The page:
Sunday, November 25, 2007

Work-related: flocking room

I had always assumed that the fake snow people put on Christmas trees was something akin to Silly string, some sort of petroleum-based plastic that needed an aerosol can to be applied. And I have seen do-it-yourself kits for fake snow that seem to operate in more or less that way. At work, though, we fill orders for flocked trees by spraying trees with a mixture of water and glue, I'm told. The process is kind of elaborate and difficult-sounding.

First, the tree to be done is placed on a metal stand to hold it upright. Then, each and every one of the branches is forced to stand more upright by wiring it to the trunk -- this is because without the wiring, the weight of the wet flocking will pull down the branches at the bottom, but not the ones at the top, leaving a big and unsightly gap around the center of the tree. Wiring is a time-consuming and tedious process, and not anybody's favorite part of the job (I'm told).

The wired-up tree is then stood on a tree-sized turntable, and the glue-water mixture is sprayed up and down it as it spins around until everything is covered, after which it's left to dry. I'm a little fuzzy on the exact mechanism of the mixer and hose and all that; it's possible that I wouldn't recognize them if I saw them (I've never been in the room while this was actually being done.) Drying takes approximately a full day, potentially longer for larger trees: we ask for people to give us at least two days between order and delivery, and three is really nice if they can manage it, and this is mostly related to drying time (though availability of delivery drivers is also a factor sometimes). I've not done any of this personally, myself: it's mostly the nursery lot people who do it, though they've also brought in at least one seasonal person who does nothing but tree-flocking and related tasks.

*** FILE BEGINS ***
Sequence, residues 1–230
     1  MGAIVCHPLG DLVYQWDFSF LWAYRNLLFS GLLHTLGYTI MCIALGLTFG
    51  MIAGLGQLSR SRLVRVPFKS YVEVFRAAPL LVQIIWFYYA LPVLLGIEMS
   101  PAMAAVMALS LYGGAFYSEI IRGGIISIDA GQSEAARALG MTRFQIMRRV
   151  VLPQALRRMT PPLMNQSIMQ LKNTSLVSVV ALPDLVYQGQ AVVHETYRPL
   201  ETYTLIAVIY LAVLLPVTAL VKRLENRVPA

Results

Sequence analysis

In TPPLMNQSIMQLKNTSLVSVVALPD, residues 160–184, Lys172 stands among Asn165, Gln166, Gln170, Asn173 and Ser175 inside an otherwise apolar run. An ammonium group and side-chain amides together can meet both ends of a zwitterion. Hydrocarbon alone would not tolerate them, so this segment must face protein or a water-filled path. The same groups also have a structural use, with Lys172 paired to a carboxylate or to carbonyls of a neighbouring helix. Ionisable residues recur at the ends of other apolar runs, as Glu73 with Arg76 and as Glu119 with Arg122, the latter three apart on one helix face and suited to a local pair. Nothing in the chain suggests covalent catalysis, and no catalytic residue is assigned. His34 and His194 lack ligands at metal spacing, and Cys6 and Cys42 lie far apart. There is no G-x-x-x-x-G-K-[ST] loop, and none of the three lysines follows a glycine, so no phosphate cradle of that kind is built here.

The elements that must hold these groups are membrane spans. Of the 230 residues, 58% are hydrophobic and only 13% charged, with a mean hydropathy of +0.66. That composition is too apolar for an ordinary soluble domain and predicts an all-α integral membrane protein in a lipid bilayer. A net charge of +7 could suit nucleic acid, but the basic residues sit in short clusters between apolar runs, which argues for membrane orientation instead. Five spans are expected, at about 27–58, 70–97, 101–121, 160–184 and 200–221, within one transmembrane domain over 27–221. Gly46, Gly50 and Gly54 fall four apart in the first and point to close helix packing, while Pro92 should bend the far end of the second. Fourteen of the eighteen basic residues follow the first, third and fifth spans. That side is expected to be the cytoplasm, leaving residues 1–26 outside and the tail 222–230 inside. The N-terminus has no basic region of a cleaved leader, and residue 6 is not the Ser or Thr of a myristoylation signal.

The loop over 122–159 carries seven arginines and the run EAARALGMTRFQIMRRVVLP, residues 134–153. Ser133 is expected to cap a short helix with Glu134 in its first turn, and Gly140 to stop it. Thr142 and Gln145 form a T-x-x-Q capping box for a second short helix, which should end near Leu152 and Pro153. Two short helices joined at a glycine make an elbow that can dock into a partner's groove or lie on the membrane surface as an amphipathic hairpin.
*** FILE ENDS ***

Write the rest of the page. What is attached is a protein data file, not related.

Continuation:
All this glop being sprayed around winds up coating the room where the flocking is done, (uncreatively, but accurately, called "the flocking room," though it has other uses outside of the Christmas season) leading to scenes like the above. The first time you see it, it has kind of a surreal charm, but this wears off quickly.

1 comment:

No Rain said...

And now I know. Thanks for sharing this interesting process.